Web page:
The Light Fantastic

fibre_optic08:20 Tuesday 29th October 2013
BBC Radio Cambridgeshire

[P]AUL STAINTON: Peterborough is set to become one of the first Gigabit Cities in the country. That’s the promise of the City Council as they prepare to enter into a new agreement with private company CityFibre. They are set to invest £30 million in the project. We’ll get reaction from the City Council in a moment, but first we’re joined on the line by Mark Collins from CityFibre. Mark, morning.
MARK COLLINS: Good morning Paul.
PAUL STAINTON: Gigabit city. Superfast, superfast, it’s all very confusing. What exactly are you offering, and what will we get?
MARK COLLINS: What we deliver Paul is gigabit speeds, that’s a thousand megabits per second, 100 times faster than the UK average, 40 times faster than so-called superfast broadband. We will be delivering that into all of the businesses and all the homes of Peterborough over the next two to five years as we roll that infrastructure out for the benefit of all in the society there.
PAUL STAINTON: Coming down existing networks, yes?

MARK COLLINS: It’s actually a new network. It will be a new fibre-optic connection going all the way into the homes. As your guests earlier on the show were talking about the use of the copper infrastructure, what we do is we replace that copper infrastructure, put new fibre-optic infrastructure, so the lasers can come all the way into people’s homes, and all the way into people’s businesses.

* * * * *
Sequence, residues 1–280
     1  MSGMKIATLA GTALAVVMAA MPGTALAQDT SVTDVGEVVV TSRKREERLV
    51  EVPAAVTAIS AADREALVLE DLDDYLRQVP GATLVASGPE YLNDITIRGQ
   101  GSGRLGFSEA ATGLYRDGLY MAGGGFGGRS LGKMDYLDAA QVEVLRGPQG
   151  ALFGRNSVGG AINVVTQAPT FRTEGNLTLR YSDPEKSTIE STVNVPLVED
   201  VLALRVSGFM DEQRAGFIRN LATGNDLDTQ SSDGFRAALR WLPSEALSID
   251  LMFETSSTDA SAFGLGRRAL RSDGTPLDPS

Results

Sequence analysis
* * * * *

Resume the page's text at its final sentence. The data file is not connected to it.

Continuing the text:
PAUL STAINTON: So we’ll get to choose then, will we, between BT or, I don’t know, Tiscali, or TalkTalk, and your good selves?
MARK COLLINS: We provide the infrastructure to which the TalkTalks, the Tiscalis, the other service providers will utilise.
PAUL STAINTON: Right. So you’re not going to be selling your services. You’re just providing that, and you’ll make money from the providers, will you?
MARK COLLINS: That’s correct. So we’re an infrastructure provider. So it’s an infrastructure investment, a private sector infrastructure investment into Peterborough.
PAUL STAINTON: So it allows the speeds to go up to a gigabit, but then we’re relying on the providers, are we?
MARK COLLINS: Relying on the providers, the infrastructure itself can go up to gigabits, and beyond the gigabit. It’s a future-proof critical infrastructure which will be in place and will serve the community for the next fifty to a hundred years.
PAUL STAINTON: But how long before we get that speed do you think?